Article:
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Consumers set to reject paying fees for financial advice

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The introduction of the Retail Distribution Review (RDR) is likely to increase the UK's financial advice gap, according to the business advisers at Deloitte.

RDR comes into force from 31st December 2012, and changes the way consumers pay for financial advice.

Commission paid to financial advisers will be banned and replaced by adviser charging, where consumers pay advisers a fee for advice.

The survey of more than 2,000 people, conducted for Deloitte by YouGov, found that 84% of people are unaware of RDR or that consumers will face paying a fee for advice when RDR is implemented.

The poll highlights that more than half of all consumers will reject financial advice if charged a fee, however attitudes to paying for advice vary depending on the wealth of the consumer – with the likelihood of someone paying for advice going up the wealthier the customer.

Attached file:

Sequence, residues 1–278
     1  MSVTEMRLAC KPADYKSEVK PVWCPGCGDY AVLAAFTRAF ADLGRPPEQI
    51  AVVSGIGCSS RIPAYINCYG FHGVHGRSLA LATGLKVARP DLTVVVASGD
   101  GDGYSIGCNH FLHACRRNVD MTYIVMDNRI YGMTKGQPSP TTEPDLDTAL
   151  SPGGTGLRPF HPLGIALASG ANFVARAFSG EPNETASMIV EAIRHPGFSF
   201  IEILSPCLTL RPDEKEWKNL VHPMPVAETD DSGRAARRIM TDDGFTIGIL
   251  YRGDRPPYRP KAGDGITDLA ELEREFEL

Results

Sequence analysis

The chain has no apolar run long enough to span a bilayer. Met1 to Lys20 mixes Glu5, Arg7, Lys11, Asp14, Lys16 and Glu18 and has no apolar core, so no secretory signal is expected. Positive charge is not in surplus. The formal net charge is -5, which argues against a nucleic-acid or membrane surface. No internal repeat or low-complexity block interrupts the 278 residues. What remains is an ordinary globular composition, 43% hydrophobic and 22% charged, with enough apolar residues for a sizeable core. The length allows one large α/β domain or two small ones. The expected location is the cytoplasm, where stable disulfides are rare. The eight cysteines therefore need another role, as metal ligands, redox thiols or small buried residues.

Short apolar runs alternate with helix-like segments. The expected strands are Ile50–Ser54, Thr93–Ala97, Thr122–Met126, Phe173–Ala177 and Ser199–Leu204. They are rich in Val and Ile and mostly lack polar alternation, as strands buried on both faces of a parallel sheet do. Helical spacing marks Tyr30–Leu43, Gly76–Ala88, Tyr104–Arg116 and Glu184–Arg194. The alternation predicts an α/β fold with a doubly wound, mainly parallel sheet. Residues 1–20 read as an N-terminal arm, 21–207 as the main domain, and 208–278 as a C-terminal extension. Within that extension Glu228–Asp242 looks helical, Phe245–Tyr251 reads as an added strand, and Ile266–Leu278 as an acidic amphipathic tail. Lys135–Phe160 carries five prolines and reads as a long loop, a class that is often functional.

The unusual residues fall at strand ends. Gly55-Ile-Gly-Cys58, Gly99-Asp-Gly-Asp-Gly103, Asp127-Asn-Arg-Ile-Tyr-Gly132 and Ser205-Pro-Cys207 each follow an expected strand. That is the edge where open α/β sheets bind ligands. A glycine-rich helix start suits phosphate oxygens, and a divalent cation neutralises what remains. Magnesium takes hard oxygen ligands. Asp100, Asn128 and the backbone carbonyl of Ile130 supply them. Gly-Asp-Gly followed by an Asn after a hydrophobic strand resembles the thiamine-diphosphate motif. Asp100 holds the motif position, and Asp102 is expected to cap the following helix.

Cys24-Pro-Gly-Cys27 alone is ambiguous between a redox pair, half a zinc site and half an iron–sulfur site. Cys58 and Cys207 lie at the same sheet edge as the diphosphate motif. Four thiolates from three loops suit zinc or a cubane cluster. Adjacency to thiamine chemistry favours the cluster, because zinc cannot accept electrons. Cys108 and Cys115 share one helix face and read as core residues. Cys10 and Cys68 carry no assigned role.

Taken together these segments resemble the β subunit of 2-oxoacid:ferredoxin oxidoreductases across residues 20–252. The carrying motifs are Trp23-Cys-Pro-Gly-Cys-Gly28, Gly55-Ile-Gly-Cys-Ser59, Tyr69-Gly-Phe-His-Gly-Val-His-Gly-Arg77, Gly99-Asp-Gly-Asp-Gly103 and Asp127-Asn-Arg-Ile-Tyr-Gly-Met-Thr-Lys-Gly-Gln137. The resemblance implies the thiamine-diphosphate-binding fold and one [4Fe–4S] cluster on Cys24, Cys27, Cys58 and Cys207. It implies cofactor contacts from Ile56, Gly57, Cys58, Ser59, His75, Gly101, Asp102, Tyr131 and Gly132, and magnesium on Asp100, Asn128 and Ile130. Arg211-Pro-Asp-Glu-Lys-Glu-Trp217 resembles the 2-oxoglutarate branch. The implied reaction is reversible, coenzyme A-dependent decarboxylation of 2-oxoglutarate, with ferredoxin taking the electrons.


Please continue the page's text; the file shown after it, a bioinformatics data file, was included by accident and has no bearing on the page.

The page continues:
Andrew Power, lead RDR partner at Deloitte, said: “The research indicates that many consumers, particularly in the mass market, are unwilling to pay such fees. As a result, the advice gap – the shortfall between the amount of advice required and that provided – is likely to increase as advisers leave the industry or focus on wealthier customers.

“These changes pose a huge challenge to banks, building societies, insurers and asset managers who will have to find new ways to distribute their products, and advisers who will have to persuade consumers of the benefits of paying for financial advice.”

Bank customers are five times as likely as IFAs’ customers to reject paying fees for advice.

Seb Cohen, head of insurance research at Deloitte, said: “Customers of banks and insurers are less likely to pay for advice than the customers of IFAs, and the lower the level of savings a consumer has the more likely they are to reject paying an advice fee.

“This is important because our research also highlighted the low level of savings among consumers. Nearly a third (29%) save nothing each month, nearly a fifth (17%) have no cash savings and almost half (45%) do not save into a pension.”

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